Digital Creative Direction + Design

BlazeBurger App

Student project part of the Google UX certificate offered through Coursera. The project involved conducting user research to develop personas, journeys, creating a competitive analysis, producing wireframes, low and high fidelity mockups, and prototypes. The user experience was further refined through multiple usability studies.

Screen mockups of the BlazeBurger app
Screen mockups of the BlazeBurger app

The Challenge

BlazeBurger is food-truck serving customers in downtown New York City. BlazeBurger strives to offer customers options to customize orders to suit their dietary needs. They compete with other food-trucks and restaurants in the area that also offer customization options. BlazeBurger focuses on a largely millennial customer base that works all hours of the day, from professional to service industries. One of their main features is that they are open late in an effort to provide options for night shift customers and those in 24 hour industries such as hospitals.

The Goal

Design an app for BlazeBurger that will let users customize their orders to meet their specific dietary preferences, allowing them interchange ingredients via app and by showing the resulting calorie impact. 

The Research

Who are the customers?

I began the research by focusing on the types of customers that frequent food trucks. Primary research into this topic during a pandemic proved to be restrictive, however I adapted by reaching out to various Facebook Groups and conducting Facebook Messenger interviews. These largely confirmed secondary research which showed that the majority of food truck customers are middle-class millennials:

Annually earning $1 billion, the food truck industry’s target market is middle-class millennials. According to an IBISWorld Inc. report, 43% of food truck spending each month is made by 25-to 44-year-olds, with an additional 20% coming from those under the age of 25.

Visited June 30th, 2021

What’s the competition doing?

Compensative analysis was very eye opening…and also made me very hungry. Most trucks in New York City leaned on mobile friendly websites and social media platforms. These mediums provided good online presence but lacked the features most users have come to expect from an eatery. Some standouts however did have the capability to oder online, however they also had a brick and mortar location in addition to a food truck. A few others relied on a third party app which limited their brand presence but did provide users with dedicated app experience.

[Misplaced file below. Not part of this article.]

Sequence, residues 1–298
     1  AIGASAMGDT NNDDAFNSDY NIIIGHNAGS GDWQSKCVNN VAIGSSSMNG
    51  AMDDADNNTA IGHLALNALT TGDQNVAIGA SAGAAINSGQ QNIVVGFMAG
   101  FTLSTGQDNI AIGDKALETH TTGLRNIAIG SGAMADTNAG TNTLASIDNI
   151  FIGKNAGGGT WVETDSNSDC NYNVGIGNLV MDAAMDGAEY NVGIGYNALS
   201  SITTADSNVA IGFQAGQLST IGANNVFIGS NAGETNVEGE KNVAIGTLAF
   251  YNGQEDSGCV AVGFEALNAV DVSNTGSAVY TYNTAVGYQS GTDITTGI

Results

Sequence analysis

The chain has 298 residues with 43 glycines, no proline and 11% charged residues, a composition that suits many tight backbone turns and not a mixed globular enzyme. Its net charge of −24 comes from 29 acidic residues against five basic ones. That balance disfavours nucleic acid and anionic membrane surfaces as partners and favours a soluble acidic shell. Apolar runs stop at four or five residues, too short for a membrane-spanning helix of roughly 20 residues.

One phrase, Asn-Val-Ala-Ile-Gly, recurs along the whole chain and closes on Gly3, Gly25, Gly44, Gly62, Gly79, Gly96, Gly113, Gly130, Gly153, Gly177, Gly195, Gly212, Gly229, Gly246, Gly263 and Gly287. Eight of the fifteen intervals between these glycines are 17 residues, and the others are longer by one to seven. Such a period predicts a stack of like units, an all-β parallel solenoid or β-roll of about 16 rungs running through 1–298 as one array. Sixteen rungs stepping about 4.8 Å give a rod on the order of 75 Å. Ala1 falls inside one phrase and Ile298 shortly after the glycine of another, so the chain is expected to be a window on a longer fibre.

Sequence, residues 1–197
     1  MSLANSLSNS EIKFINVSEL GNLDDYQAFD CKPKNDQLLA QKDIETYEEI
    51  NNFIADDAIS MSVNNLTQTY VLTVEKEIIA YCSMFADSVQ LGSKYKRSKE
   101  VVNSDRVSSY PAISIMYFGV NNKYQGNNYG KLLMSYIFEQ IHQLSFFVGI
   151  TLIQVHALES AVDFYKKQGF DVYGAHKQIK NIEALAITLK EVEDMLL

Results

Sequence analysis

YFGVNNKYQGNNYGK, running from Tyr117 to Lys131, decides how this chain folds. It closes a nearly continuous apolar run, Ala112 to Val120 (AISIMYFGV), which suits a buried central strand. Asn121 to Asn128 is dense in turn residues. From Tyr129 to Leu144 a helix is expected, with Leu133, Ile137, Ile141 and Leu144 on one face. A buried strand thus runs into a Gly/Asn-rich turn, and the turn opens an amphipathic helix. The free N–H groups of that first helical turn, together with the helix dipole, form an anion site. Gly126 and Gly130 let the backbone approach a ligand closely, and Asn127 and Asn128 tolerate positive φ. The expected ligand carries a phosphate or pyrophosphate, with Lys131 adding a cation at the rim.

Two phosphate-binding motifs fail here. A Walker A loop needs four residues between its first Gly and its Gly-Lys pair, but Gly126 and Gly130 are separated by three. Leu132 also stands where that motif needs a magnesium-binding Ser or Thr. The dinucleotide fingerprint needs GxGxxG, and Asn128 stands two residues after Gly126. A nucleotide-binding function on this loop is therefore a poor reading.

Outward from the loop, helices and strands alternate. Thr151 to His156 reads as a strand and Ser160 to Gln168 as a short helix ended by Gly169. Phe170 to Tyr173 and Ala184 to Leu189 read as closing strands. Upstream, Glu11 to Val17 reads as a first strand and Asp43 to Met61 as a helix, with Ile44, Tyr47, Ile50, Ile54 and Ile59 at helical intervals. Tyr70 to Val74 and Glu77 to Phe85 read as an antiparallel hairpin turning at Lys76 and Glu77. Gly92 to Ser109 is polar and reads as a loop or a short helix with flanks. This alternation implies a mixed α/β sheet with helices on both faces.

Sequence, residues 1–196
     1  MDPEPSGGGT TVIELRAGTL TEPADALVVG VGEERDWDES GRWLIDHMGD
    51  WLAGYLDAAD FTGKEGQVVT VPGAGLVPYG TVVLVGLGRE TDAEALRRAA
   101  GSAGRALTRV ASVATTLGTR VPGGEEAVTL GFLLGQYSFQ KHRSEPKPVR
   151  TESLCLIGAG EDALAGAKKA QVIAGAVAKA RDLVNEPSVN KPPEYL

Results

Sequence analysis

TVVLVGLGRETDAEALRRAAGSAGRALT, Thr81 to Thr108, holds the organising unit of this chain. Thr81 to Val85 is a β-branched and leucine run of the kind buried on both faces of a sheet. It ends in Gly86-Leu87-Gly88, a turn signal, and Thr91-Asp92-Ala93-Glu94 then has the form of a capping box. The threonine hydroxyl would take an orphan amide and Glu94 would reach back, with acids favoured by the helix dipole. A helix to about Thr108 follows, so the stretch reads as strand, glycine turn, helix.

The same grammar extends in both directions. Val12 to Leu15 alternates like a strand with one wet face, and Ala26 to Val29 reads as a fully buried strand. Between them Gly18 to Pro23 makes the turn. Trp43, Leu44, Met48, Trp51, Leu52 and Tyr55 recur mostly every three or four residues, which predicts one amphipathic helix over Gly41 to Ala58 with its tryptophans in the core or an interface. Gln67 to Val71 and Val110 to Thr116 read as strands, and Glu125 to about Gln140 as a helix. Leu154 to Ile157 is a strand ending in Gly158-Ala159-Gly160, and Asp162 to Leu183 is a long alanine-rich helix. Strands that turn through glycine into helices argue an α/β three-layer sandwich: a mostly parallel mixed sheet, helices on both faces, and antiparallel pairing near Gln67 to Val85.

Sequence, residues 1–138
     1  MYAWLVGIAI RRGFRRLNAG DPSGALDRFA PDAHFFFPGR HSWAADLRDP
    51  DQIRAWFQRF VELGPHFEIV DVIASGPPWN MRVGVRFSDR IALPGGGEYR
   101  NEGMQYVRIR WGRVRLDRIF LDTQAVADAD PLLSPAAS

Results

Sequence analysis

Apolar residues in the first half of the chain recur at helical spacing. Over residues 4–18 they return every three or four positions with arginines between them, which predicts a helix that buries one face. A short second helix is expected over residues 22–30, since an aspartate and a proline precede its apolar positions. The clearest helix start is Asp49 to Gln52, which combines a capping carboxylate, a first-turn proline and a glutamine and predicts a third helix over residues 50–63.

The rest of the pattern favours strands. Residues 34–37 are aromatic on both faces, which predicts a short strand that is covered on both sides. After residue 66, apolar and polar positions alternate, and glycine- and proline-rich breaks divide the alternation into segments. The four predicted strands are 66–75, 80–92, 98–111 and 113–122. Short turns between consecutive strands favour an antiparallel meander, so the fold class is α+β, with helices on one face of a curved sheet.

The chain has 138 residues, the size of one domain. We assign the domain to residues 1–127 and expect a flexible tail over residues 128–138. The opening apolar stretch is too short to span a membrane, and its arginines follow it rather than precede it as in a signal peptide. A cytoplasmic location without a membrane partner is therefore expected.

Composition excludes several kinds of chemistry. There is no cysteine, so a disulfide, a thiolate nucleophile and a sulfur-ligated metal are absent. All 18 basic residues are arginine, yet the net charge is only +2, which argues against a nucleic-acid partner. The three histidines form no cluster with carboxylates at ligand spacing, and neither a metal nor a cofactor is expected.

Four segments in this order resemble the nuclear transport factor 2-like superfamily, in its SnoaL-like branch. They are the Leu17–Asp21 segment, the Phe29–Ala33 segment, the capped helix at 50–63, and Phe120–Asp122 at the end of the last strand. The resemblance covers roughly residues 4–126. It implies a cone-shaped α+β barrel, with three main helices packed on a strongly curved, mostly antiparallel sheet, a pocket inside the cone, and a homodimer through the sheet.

The landscape for dedicated food truck apps seems to be very open to disruption. Most food trucks that lack a dedicated physical location are relying on third party apps that limit their ability to engage with their customers. The features of these apps, while adequate for basic food ordering, lack an intuitive and enjoyable customization feature, often relying on long form user input.

Pain Points

  1. To busy to meal plan
    Lack of time to prep meals that take into account specific dietary preferences.
  2. Health Conscious
    Limited health conscious options available in a fast-food setting.  
  3. Up All Night
    Limited food options past normal operating hours that cater to late shift workers 


User persona


The Design

The design process focused on brining the popular features of brick and mortar restaurants to the food truck experience. Particularly being able to place a custom order without having to engage with an other human being over the phone.


The initial wireframe attempted to bring this feature to the forefront with as few taps as possible.

BlazeBurger low-fidelity prototype

Usability study

The first unmoderated usability study was conducted via Figma and recorded in Zoom. Participants shared their screens and followed a script. The study revealed that most users were able smoothly complete the full process of customizing an ingredient and completing the checkout process.

An edge case presented itself when a single user went off script and attempted to interact with non interactive items. However in doing so they uncovered an opportunity to highlight the default ingredient when customizing, which helps the user understand their ingredient options better.

The Refinement

After synthesizing the data from the study I began to construct the high-fidelity prototype. A lot of effort was dedicated to the selection of color, visuals, and typography. Further effort went into clear cutting all the photos to create a cohesive visual esthetic. Additional usability studies followed to confirm an improved user experience across the board.


BlazeBurger high-fidelity prototype


The app gives users an intuitive and enjoyable food ordering experience, allowing BlazeBurger to meet their dietary preferences and grow their user base. 

While designing the BlazeBurger app, I learned that the wireframe experience should be presented at a much lower fidelity than I had initially developed. A less detailed wireframe would have prevented users from attempting to interact with non functional elements. This could also be addressed later by creating flow variations in Figma for a few other selectable items.